When President Barack Obama announced the new visa agreement between China and the United States in November 2014, I made a few recommendations to help the government, convention and visitors bureaus, and local businesses make better preparations to welcome Chinese tourists.

In February, I noticed Nordstrom posted "Gong Xi Fa Cai" or "Gong Hey Fat Choy" signage throughout the store during the Lunar New Year period, the biggest and the most important festival for Chinese. I also heard there were places and communities celebrating the Lunar New Year across the U.S. with fireworks and small parades.

It seems to me that we are making an effort in the U.S. to attract and welcome more Chinese tourists, but I question: Have we done enough?

I went on a leisure trip to Japan a few weeks ago in March. By comparison, I have found Japan actually does a much better job in attracting and welcoming the Chinese tourists than the U.S. does.

I traveled to Tokyo, Kyoto and Mount Fuji — three must-go destinations for most international travelers to Japan. I could hear Chinese being spoken almost everywhere I visited. How could Japan make that happen? What have they done?

First of all, language assistance is available in all major tourist destinations. For example, tourists could find maps and brochures written in Chinese in all local tourist information centers or even some popular tourist sites (also available in Japanese, English, Korean and some other languages). Most train or metro stations use Japanese, English, Korean and Chinese for their station names.

That's not all. When traveling in buses in Kyoto, the name of each stop will be announced in Japanese, English, Korean and Mandarin Chinese. Such announcements will also include a short English description to highlight the tourist spots around each bus stop. Because of that, few international travelers would miss a stop, and it becomes easy to travel with public transportation in Kyoto.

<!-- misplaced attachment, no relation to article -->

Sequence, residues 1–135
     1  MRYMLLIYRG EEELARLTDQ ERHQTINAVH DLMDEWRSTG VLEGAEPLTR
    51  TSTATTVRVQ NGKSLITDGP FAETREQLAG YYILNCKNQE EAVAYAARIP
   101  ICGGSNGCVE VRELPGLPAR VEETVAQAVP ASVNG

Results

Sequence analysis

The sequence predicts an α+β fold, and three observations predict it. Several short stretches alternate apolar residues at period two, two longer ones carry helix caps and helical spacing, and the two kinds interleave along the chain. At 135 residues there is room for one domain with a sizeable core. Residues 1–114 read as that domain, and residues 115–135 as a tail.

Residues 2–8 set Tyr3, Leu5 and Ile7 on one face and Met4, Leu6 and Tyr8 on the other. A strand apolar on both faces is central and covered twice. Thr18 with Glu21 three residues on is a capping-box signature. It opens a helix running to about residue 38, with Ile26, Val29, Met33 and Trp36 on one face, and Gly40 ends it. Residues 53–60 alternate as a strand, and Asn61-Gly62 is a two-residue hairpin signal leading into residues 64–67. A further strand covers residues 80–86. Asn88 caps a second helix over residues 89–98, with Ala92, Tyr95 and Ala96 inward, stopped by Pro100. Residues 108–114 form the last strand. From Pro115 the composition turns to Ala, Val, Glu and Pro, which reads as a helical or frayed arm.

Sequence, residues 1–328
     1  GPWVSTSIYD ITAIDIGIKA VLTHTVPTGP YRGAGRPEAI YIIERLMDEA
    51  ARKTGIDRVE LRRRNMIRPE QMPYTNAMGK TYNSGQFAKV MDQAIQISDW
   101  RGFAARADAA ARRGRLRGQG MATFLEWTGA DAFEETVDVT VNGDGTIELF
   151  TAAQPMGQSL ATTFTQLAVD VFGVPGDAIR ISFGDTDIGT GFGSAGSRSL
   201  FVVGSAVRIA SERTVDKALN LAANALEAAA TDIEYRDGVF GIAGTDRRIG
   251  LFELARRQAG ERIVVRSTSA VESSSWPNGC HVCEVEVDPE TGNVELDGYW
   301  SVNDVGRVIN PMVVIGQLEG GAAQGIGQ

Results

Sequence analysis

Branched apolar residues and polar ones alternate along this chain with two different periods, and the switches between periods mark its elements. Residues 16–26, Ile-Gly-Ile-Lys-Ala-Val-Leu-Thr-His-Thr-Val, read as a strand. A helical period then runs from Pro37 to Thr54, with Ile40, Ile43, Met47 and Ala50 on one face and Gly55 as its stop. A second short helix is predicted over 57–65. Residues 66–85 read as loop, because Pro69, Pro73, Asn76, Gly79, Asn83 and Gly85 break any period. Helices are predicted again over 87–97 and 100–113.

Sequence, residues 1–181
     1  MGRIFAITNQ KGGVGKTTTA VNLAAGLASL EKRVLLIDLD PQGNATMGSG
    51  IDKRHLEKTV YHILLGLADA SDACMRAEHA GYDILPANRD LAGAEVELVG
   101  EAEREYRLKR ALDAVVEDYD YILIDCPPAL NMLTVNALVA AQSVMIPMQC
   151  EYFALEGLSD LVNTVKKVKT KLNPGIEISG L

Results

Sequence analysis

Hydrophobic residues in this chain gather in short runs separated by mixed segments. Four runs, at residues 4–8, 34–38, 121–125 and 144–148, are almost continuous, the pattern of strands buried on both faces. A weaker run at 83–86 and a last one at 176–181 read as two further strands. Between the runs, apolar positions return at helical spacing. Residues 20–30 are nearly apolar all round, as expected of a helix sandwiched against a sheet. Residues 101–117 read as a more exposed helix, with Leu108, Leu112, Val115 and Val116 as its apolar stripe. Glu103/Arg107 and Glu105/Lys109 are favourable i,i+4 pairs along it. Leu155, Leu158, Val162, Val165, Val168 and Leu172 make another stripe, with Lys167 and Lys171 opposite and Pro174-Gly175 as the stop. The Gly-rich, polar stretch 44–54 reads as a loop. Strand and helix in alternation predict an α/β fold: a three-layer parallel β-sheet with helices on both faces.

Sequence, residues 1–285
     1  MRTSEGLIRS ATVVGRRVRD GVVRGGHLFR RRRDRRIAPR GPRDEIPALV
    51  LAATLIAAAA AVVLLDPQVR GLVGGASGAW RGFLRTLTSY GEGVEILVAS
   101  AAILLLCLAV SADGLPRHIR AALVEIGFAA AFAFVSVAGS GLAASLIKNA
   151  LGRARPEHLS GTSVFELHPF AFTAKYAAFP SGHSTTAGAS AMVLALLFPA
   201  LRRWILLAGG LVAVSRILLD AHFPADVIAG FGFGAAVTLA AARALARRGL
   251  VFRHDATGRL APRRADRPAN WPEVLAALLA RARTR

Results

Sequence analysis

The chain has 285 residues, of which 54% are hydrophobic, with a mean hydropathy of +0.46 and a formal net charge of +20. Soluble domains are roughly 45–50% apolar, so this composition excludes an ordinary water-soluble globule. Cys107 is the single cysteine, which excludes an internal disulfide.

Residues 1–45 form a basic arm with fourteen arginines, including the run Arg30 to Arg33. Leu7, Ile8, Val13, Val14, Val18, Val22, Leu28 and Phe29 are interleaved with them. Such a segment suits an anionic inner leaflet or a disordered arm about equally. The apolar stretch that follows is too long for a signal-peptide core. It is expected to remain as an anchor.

Additionally, many stores in Japan have tax-free promotions that are tailored to Chinese tourists. As illustrated in the picture I took in the front of a department store in Kyoto (at right), these promotions were mostly written in Chinese.

The Chinese reads: "Our store is offering 8 percent off the retail price (equivalent to the sales taxes). When using a credit or debit card issued in China (usually with a label of "China Unionpay"), customers could get an additional 5 percent off." In total, a Chinese tourist could get up to 13 percent off the retail price throughout the store.

Such effort pays off in a big way. According to the Japan National Tourism Organization, the country reported a record of 1.387 million foreign tourists in February. In particular, visitors from Chinese-speaking regions showed an increase of 57.6 percent from February 2014, largely because they were visiting Japan during the Chinese New Year holidays.

The visitors from mainland China reached 359,100, 159.8 percent increase from last year, followed by visitors from South Korea (321,600), Taiwan (277,600) and Hong Kong (109,400 a 68.8 percent increase).

Analysts suggest the ease of visa requirements, the depreciation of yen and the nation's expanded duty-free system all contributed to the increase of the Chinese tourists.

Referring back to the U.S., we have recently eased the visa requirements for the Chinese to visit the U.S., but we definitely have not done enough. What else can we do to catch the business opportunities offered by the Chinese tourists? Please feel free to share your suggestions with us.